Why can we go to the throne of grace, i.e. into the throne room of heaven via prayer, with confidence? Because a high priest stands there on our behalf. We have all sinned against God, and as v. 13 says, no creature is hidden from God’s sight. We would all stand condemned if we were judged according to our deeds. But God demonstrated his love for us by sending His Son to us in the person of Jesus of Nazareth, who lived a perfect life that fulfilled the law and  bore the judgment of God against our sin on the cross. He was raised on the third day, and now sits in the heavens on the throne as our high priest. Whoever repents and believes in him is forgiven of their sins, given his righteousness, and restored in their relationship to God.

This is why we can go boldly to the throne of God: because Jesus stands as our high priest, constantly interceding for us. He has reconciled us to God the Father, mending our broken relationship with Him. He has given us direct access to the Lord of creation. That is why there is power in our prayer, because we are now sons and daughters of God, asking our Father- the ruler of the universe- to act on our behalf.

Because of this power in prayer, we see multiple examples in Scripture of prayer bringing things about. For example, consider James 5:16-17, “Therefore confess your sins to one another, and pray for one another so that you may be healed. A prayer of a righteous person, when it is brought about, can accomplish much. Elijah was a man with a nature like ours, and he prayed earnestly that it would not rain, and it did not rain on the earth for three years and six months. Then he prayed again, and the sky poured rain and the earth produced its fruit.” We are called to pray for one another, considering the example of Elijah, because our prayers can actually affect things!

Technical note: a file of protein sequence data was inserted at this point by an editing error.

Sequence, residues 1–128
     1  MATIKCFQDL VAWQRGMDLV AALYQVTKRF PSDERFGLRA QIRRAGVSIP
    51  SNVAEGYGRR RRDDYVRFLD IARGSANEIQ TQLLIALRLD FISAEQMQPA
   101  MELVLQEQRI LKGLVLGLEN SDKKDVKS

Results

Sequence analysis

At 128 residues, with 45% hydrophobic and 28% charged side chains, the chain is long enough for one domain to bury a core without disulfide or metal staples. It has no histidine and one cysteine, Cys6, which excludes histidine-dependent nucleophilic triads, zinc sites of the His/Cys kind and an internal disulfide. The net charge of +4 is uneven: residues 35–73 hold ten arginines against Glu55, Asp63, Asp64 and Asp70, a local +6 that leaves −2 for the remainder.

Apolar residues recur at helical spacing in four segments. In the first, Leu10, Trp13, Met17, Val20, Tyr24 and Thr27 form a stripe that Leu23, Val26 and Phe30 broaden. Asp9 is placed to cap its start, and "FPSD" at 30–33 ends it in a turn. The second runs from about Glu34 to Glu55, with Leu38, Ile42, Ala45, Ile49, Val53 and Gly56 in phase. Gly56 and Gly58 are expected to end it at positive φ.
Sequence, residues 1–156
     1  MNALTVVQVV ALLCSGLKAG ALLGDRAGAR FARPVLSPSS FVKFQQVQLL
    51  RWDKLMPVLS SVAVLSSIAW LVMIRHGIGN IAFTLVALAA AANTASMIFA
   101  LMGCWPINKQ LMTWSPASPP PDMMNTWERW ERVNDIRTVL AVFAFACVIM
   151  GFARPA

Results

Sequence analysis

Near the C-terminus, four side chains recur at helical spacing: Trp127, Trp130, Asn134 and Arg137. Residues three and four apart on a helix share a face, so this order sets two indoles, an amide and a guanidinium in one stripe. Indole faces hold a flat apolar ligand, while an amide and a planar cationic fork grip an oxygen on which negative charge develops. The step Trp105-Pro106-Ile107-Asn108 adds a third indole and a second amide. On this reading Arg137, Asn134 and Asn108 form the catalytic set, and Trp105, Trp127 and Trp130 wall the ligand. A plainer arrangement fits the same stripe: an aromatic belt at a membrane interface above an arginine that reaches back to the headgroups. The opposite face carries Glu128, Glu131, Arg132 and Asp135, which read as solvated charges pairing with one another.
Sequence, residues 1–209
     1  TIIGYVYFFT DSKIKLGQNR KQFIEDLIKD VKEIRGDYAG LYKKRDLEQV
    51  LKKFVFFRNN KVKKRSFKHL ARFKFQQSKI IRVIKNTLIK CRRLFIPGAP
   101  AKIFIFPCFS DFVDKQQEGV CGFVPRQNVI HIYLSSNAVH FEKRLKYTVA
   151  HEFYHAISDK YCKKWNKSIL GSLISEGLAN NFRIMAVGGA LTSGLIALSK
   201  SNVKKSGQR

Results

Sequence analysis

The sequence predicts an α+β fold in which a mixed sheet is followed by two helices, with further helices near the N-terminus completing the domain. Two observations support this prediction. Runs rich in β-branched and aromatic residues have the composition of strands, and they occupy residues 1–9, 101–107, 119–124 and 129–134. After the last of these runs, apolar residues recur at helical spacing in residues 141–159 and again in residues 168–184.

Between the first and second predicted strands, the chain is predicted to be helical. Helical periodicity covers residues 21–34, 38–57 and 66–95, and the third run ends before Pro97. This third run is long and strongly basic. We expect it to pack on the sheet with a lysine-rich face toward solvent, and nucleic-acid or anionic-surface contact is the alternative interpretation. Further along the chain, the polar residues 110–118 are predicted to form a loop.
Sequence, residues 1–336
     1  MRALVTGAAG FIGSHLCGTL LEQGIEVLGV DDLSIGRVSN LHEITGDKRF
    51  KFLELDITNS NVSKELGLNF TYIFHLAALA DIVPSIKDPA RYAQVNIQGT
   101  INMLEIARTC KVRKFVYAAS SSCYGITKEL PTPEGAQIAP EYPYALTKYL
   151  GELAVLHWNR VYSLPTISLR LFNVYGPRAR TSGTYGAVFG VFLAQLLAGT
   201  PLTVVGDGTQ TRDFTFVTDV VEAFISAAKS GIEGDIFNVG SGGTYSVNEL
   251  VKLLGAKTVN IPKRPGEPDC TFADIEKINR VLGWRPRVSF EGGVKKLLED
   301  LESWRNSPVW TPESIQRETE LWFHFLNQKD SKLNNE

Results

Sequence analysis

The apostle Paul exemplifies belief in the power of prayer. He asks the recipients of his letters to pray for him on numerous occasions. And he expects their prayers to be answered! When he is imprisoned, he asks for prayer in Philippians 1 and says, “for I know that this will turn out for my deliverance through your prayers and the provision of the Spirit of Jesus Christ” (Phil 1:19). In the book of Philemon, even though Paul is in prison, he encourages Philemon to go ahead and prepare a guest room for him. Why? Because, he says, “for I hope that through your prayers I will be given to you(Philemon 1:22).  Paul expected God to answer Philemon’s prayers!